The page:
As a millennial, when I think about the phrase "First Home" I don't think of "buying" my first home... I think of "renting".
You've wrapped up your post-secondary experience, in which you may have been living in residence on campus, student housing with room-mates just off campus or maybe even living with Mom & Dad while going to school. Not to mention you’ve got a hefty student loan debt hanging over you now. Meaning you’ll be on a tight budget for a bit, especially until you move up in your new job and put some money aside (in a TFSA (Tax-Free Savings Account) or Mutual Fund to save for the next stage of your life and retirement). So what's next!?
This can be a scary thought but also an exciting right of passage; you're leaving the nest to make a "home" all of your own. Now don't be fooled! You probably won't find your dream place right out of the box. I know I didn't! Just remember, life is messy, full of ups and downs, and life lessons. Housing (and finding great housing) is just that, an opportunity to learn and grow. Life is a journey, so don't expect to be living in the penthouse suite overnight, it may take some time.
As a young working professional in Toronto I have moved all over the city in search of my "home" instead of merely a "place to live". Here is my journey and the things I've taken away from my experiences... Be ready to laugh, cry and even wince at some of the mistakes I've made...
My First "Place"
Location: Vaughan, ON
Type of Unit: Basement Apartment
Found via: Kijiji
What I learned: Basement apartments may be a reasonable option when you are looking for a place to live. They can be less expensive than high rise and low rise buildings making it easier on your small budget, and some even come with parking. But you need to be very thorough in your search and when you go to see the listing.
Find out who lives above you. Is it your landlord or other tenant(s)? Do they have kids? Pets? Has the ceiling of the basement apartment been sound proofed? All of these things can contribute to the level of noise you will experience in a basement apartment. In my first place my landlords lived above me, they were very loud (often late into the night) and they had a dog that would bark the entire time they were away. Needless to say, they had not soundproofed the ceiling, and I was left with the choices of merely putting up with it or moving out.
Do you have control of the heat to your own unit or is it controlled by the upper level? Remember, heat rises, so if you do not have control of your own thermostat, be prepared to be cold. I had to wear sweaters and flannel pyjamas all year round because of this little oversight.
Is there a sliding glass door, walk out backyard or windows in the basement large enough for you to fit through in case of an emergency? Not all basement apartments are up to code, especially in older homes where turning the basement into an apartment was a decision made merely to help the owners with the costs associated with owning their own home. At my first place, the entrance to the basement apartment was a door at the top of the stairs coming from the garage. I had a small ground-level basement window that I could have fit out of, if I climbed up on a stool, if I had to. But honestly, it really wouldn't have been adequate if a real emergency presented itself. Be safe, make sure that there are exits available to you in case you'd need them.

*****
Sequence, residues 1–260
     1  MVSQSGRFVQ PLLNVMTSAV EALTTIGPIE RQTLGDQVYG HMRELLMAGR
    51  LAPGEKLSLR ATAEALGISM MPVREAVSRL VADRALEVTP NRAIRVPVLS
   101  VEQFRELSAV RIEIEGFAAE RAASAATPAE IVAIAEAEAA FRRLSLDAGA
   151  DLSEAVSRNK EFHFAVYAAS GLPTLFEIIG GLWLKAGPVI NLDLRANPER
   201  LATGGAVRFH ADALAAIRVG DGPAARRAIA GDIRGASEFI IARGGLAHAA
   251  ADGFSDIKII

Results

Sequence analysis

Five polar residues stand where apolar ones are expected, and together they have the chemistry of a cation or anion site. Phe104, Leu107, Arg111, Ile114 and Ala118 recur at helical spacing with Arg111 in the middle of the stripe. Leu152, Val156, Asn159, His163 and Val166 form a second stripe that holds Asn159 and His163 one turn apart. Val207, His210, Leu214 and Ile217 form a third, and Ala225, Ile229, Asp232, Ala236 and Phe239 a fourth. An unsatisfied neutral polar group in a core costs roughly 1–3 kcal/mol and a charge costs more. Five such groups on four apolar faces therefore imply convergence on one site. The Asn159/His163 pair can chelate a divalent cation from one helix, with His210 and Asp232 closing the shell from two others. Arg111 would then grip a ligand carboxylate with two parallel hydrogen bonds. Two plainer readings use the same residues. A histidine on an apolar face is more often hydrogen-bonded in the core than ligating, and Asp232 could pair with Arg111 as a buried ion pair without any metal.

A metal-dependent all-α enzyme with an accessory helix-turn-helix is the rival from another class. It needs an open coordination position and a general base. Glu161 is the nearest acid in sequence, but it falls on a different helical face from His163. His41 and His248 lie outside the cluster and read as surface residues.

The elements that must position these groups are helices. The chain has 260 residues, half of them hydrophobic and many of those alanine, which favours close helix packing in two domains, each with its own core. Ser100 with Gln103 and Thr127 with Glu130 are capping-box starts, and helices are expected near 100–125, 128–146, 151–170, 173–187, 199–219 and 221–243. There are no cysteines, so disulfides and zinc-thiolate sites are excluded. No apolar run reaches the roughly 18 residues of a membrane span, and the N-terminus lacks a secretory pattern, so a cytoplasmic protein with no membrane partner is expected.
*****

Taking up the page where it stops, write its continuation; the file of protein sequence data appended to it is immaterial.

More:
My Second "Place"
Location: Wallace-Emerson neighbourhood, Downtown Toronto, ON
Type of Unit: One-bedroom, high rise apartment building
Found via: Kijiji
What I learned: Location, location, location. If a listing you are checking out is substantially cheaper than most listings in the city, there's probably a reason. Downtown Toronto can be very expensive when it comes to renting, and so when I found a unit that was nearly half of what other places were asking, I jumped on it. Bad idea! The neighbourhood might be currently up and coming, but in 2010 it was rough! And as a single female, I even had police officer friends telling me I should move... Eeekk!
What does the general neighbourhood look like? Would you be afraid to run to the corner store after dark? I was so scared of going out after dark alone in this neighbourhood, that I taught my little 8lb dog to use a litter box so I didn't have to walk her past 6PM. And there was a "no standing" sign outside my building to discourage illegal activity outside the main doors! RED FLAG!
Inquire as to whether or not this building has or has had bed bugs and cockroaches. This is a question that I didn't even know I had to ask, but even nice neighbourhoods and buildings can have pest problems. And much to my dismay this building had problems with both. Of course I happily agreed to fumigation at the time, but my one neighbour was not so forthcoming and the roaches travelled back to my unit via the old heating system that ran from unit to unit. Now I'm all for being within budget, but this place was a nightmare. On a positive note, this place was so cheap that I paid off nearly half of my student loan debt in one year! Thinking about that makes me feel better about my decision to live amongst the roaches... I'm all about the silver linings. Are you writing this stuff down!?
My Third "Place"
Location: Maple, ON
Type of Unit: One-bedroom, high rise condo building
Found via: Realtor.ca
What I learned: Buildings with professional & courteous 24hr concierge and/or security are totally worth the extra cost! Does the building have onsite 24hr security and/or concierge services? Having confidence in the staff and security personnel of your building can make a world of difference about how you feel about your building and your personal security. Newer buildings often have concierge and/or security onsite, but not all of them are 24hrs. I found that when I lived in a gated community, where all visitors had to go through several check points with 24hr security prior to reaching my suite’s door, made me feel much safer as a single person living alone.